SEVERAL trafficking victims bound for the United Arab Emirates (UAE) that were given fake itineraries by their recruiters were intercepted by the Travel Control and Enforcement Unit (TCEU) of the Bureau of Immigration (BI).
The apprehending officers said there is an emerging modus of Filipino female workers presenting work documents bound for Maldives but are actually bound for the UAE.
They said the apprehension involves another instance of what they call a third-country recruitment, wherein overseas Filipino workers (OFWs) are sent to work in a country, but are later illegally transported to another country to work there. The same modus, they said, was usually seen in victims rescued from war-torn countries such as Syria.
TCEU Officers from NAIA Terminal 3 reported the interception of two female OFWs last May 4. The victims, aged 26 and 33, presented valid overseas employment certificates (OECs), work visas for Maldives, employment contracts, and itineraries bound for Maldives.
However, upon verification with online systems, it was discovered that both victims were in possession of valid tourist visas for the UAE.
Both of the victims later admitted that they received their documents only prior to departure and one of the victims stated that she was instructed by their recruiter to conceal her UAE visa. She admitted that they applied for work as domestic helpers, but were given documents to work as sales assistants in Maldives.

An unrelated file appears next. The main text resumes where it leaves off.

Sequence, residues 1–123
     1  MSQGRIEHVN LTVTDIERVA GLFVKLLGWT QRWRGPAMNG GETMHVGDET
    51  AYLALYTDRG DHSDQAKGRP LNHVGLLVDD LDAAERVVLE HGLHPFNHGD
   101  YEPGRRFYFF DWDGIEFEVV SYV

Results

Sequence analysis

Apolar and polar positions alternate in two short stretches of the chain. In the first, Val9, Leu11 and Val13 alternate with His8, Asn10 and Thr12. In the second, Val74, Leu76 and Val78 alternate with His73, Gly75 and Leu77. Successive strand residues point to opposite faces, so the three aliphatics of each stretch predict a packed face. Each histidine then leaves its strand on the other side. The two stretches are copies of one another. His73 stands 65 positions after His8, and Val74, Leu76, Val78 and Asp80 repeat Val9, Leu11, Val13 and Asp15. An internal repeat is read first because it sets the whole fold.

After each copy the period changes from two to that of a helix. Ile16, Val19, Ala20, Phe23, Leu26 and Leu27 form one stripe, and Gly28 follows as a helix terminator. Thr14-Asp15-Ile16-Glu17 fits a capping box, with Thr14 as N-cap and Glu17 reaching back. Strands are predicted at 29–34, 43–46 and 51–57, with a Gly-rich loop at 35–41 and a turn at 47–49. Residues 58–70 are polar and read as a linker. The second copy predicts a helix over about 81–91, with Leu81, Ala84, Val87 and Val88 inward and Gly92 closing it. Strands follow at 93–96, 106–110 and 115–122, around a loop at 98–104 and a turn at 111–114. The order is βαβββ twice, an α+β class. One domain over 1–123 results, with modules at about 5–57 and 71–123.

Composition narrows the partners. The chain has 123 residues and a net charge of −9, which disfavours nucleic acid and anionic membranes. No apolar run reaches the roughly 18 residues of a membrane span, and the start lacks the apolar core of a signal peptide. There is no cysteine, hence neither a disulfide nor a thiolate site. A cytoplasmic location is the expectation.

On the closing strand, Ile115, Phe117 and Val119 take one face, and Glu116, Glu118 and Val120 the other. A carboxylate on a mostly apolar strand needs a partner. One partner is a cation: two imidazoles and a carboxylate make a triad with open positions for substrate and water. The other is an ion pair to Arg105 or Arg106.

TCEU officers from Clark International Airport intercepted another two female victims, aged 34 and 36, on Sunday. Both presented documents to work in Maldives as an attendant and a receptionist but were found to be in possession of visas for the UAE.
One of the victims admitted that she was promised work as a cleaner in UAE and that she paid P37,000 to her recruiter for the processing of her travel documents. Her companion, who was repatriated from the UAE in 2020, admitted to be heading back to work as a household service worker and stated that she paid P50,000 to her recruiter.
The victims were turned over to the Inter-Agency Council Against Trafficking for assistance and filing of appropriate charges against their recruiters. The names of those recruited were withheld as dictated by the law.